CHARLESTON, Ill. (WCIA) — Eastern Illinois University has released a statement confirming that the classes will resume tomorrow, April 14.

Just before 9 p.m. the university released the following statement:

Eastern Illinois University is pleased to inform our students, the campus, and the Charleston community that UPI members will return to their classrooms and offices tomorrow — Friday, April 14, 2023. EIU thanks all parties for their commitment to our students and willingness to collaboratively chart a pathway forward as the University and its UPI partners work together to advance EIU’s mission.

Eastern Illinois University

In a news release, the faculty union announced its decision to pause while officially considering the administration’s offer.

“We knew this wouldn’t be easy from the start, and we were right. I am heartened by the unified strength and care that our members showed throughout this process, despite the administration’s various attempts to derail and delay. We know our cause is just, and we stood up, together, for the entire campus to demand that this administration prioritize our students and the educators and staff who teach and support them,” EIU UPI President Jennifer Stringfellow said in the release. “EIU’s administration has demonstrated how they truly feel about the instruction and instructional support at EIU throughout this negotiation process… I have found that I’m no longer surprised when I’m disappointed by the administration of this institution. We would never have been on strike if they had bargained more honestly from the beginning. Now, their refusal to bargain terms to end the strike does not give me much confidence in their respect for our profession of educating students. However, this line in the sand that they have drawn is the reality, and we must accept it. We look forward to being back in our classrooms and offices, teaching and supporting our students.”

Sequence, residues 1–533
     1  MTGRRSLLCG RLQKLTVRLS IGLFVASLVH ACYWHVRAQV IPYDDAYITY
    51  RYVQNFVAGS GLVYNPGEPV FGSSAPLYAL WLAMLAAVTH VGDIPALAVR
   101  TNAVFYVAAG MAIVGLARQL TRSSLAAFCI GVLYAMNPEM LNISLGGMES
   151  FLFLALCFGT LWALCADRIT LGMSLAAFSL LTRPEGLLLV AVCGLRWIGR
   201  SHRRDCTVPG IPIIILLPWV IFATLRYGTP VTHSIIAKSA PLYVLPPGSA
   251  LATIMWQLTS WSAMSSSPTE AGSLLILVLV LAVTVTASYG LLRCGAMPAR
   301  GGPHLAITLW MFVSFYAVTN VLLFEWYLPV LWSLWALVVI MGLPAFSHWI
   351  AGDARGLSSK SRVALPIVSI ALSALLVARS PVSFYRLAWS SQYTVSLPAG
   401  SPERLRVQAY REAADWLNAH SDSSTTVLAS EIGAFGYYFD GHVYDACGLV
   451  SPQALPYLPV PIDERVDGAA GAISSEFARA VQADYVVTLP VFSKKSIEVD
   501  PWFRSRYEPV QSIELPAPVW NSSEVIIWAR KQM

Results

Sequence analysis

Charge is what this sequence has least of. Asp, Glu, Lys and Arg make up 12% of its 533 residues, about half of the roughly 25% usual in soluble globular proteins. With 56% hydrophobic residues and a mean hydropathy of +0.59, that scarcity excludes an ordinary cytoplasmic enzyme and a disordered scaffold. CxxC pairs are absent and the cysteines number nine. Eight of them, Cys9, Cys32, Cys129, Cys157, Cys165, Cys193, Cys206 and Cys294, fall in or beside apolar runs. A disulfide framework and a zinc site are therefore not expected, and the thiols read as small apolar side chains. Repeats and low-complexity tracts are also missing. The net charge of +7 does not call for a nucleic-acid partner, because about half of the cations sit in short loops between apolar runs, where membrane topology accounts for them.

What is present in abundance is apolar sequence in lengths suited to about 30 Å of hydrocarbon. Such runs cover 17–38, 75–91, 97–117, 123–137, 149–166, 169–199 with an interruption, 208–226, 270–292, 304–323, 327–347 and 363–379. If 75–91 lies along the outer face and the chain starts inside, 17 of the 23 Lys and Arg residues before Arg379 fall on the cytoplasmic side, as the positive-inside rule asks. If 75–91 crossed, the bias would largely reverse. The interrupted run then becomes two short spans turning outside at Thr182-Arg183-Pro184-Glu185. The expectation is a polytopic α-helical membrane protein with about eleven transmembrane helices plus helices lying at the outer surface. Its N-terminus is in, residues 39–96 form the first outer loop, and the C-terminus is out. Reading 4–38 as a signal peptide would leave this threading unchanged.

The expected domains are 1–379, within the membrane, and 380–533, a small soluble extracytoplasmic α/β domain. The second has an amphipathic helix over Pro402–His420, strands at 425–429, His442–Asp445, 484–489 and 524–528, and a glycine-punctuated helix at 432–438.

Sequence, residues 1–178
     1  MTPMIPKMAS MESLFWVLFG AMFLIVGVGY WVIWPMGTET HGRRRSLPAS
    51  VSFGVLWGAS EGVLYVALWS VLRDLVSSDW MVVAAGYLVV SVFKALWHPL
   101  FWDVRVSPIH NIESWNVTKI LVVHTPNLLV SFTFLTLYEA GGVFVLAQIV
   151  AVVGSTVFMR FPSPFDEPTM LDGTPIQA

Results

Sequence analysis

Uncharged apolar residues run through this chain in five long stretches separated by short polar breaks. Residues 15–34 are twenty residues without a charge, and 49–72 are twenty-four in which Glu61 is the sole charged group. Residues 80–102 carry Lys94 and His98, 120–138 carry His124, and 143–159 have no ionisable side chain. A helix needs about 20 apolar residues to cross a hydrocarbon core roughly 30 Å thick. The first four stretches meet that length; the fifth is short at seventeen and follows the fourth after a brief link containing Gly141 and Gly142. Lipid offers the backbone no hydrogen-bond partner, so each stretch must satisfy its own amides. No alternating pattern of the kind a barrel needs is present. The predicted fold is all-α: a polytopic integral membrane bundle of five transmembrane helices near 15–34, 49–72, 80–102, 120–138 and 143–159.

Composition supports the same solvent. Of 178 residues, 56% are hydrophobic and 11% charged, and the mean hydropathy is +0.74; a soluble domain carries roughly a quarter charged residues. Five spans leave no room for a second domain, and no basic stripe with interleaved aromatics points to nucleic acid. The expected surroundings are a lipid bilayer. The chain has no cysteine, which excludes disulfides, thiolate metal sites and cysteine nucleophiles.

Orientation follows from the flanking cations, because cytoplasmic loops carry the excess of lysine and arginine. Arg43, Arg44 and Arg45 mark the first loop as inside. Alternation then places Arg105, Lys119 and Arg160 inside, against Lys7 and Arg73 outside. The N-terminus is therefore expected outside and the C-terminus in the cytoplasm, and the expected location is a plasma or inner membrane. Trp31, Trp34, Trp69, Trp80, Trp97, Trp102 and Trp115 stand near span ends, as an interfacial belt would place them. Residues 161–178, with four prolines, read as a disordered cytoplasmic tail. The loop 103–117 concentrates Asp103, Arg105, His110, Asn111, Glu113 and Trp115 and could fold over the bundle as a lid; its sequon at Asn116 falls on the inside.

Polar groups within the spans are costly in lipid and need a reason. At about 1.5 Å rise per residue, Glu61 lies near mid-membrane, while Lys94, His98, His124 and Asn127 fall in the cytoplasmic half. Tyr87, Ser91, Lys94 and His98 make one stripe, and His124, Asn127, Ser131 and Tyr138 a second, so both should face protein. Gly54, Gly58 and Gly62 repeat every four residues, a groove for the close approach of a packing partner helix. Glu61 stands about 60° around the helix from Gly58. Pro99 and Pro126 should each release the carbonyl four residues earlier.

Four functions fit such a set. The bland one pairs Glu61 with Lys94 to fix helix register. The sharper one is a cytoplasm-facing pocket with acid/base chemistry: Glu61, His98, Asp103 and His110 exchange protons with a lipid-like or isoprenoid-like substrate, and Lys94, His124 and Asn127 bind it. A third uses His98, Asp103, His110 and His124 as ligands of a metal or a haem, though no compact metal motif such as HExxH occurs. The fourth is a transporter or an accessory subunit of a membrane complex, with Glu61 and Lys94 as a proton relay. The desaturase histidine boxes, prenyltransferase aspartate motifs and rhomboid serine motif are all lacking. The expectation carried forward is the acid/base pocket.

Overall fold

Union members say the administration didn’t offer them a chance to do work that was missed during the strike. The absence of that provision is what they say made it a “difficult” choice, adding that the bargaining team could not endorse the administration’s package during the membership meeting. They voted to move toward ratification “knowing that this matter remains to be resolved.” They say the union hopes for a quick resolution so it doesn’t postpone the ratification vote.

“We always act with our students in mind, and we make decisions with transparency and by involving all of our members because we are a democratic organization that is only strengthened by the participation of everyone,” Lead Negotiator Billy Hung said in the release.

Hung added, “I am tremendously proud of our members and so thoroughly grateful to our supportive students and community members. Because of their support we have gained a contract in which working conditions are significantly improved for all our members. The financial offer remains an effective pay cut, but our members knew that we had to consider this package despite the cost to our own financial well-being because we know that improving conditions for our advisors, counselors, and faculty means improving the learning environment for all of our students.”

“We will bring the contract to our members for ratification. We will vote, and we will accept the results,” Stringfellow said in the release. “Because of this process, EIU faculty and staff are unified now more than ever. We will move forward with resolve to continue improving this university for our students and the people who work every day to serve them.”

They say all members will vote to ratify the agreement sometime next week, but a date has not been set.

“I’m proud of our members for fighting for critical supports that students need to thrive at EIU,” UPI President John Miller said in the release. “And make no mistake, we’ll continue that fight to constantly improve our public institutions of higher education. Our students deserve universities that put their learning first, and investing in faculty and staff who serve them every day is a necessary way to do so. I’m glad for our members at EIU who get to return to their classrooms and offices tomorrow and get back to normal. I can only hope our UPI members at other campuses can say the same soon as well.”

This is a developing story.